Fundamentally, anger becomes a problem when it becomes harmful to us and those around us. If you are bottling it up, or expelling it at inappropriate times and in unsafe ways, you are risking damage not only to your health and well-being, but also to your relationships and other aspects of your daily life. Therefore, the goal, arguably, is not to eliminate anger but to control it; not to suppress it but to create value with it.

How, then can anger be properly managed?

Learn to think before you speak

We all say things in the heat of the moment, so take a moment to collect your thoughts before saying anything. This also allows the other person time to do the same.

Once you’re calm, express your anger

As soon as you're thinking clearly, express your frustration in an assertive but non-confrontational way. State your concerns and needs clearly and directly, without hurting others or trying to control them.

Exercise

We all know exercise reduces stress that can cause you to become angry. If you feel anger escalating, go for a walk or run or some other activity you enjoy doing.

Find solutions

Instead of focusing on what made you mad, work on resolving the issue at hand.

Don’t hold grudges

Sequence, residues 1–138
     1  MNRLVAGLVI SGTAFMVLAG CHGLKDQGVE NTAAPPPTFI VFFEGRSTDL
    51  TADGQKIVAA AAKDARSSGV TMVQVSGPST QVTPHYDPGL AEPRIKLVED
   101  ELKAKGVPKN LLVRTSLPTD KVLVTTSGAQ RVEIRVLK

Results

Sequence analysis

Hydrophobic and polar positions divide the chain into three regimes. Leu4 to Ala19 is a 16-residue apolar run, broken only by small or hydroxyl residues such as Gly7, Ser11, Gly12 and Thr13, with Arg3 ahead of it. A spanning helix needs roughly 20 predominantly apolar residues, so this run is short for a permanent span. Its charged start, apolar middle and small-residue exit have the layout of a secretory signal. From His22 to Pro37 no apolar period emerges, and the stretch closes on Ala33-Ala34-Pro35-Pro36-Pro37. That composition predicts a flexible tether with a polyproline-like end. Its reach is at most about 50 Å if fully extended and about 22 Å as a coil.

Forgiveness is a powerful tool. If you allow anger and other negative feelings to crowd out positive feelings, you’ll end up bitter.

Use humour

Lightening up can help diffuse tension and will help you face what's making you angry. However, avoid sarcasm as it can hurt feelings and make things worse.

Relax

Learn relaxation skills and put them to work when tempers flare. Write in a journal or listen to music to encourage relaxation.

Seek help

If your anger leads to destructive or violent behaviour, then anger management therapy could help. It is designed to reduce the feelings and arousal anger creates by allowing individuals to explore the underlying issues and triggers of angry responses. By recognising and accepting anger issues, you can begin to understand how to use anger in a healthy and safe manner to cope with challenges or grievances. You will then be able to identify frustrations and triggers, so they can be resolved in a way that allows you to express your needs while remaining calm and in control.

Generally speaking we are angrier than we used to be. We are experiencing so many types of rage on a daily basis. We are more demanding and our lives run at such a frantic pace.

All of this means our expectations and stress levels are high whilst our tolerance levels are dramatically reduced, so it is easier for us to get angry, often over trivial matters. That’s why it’s important to learn how to deal more calmly with things when they go wrong. Lowering our general stress levels will also mean that we are able to tolerate everyday disappointments better rather than fly off the handle at relatively minor frustrations.

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www.diahannerhiney.com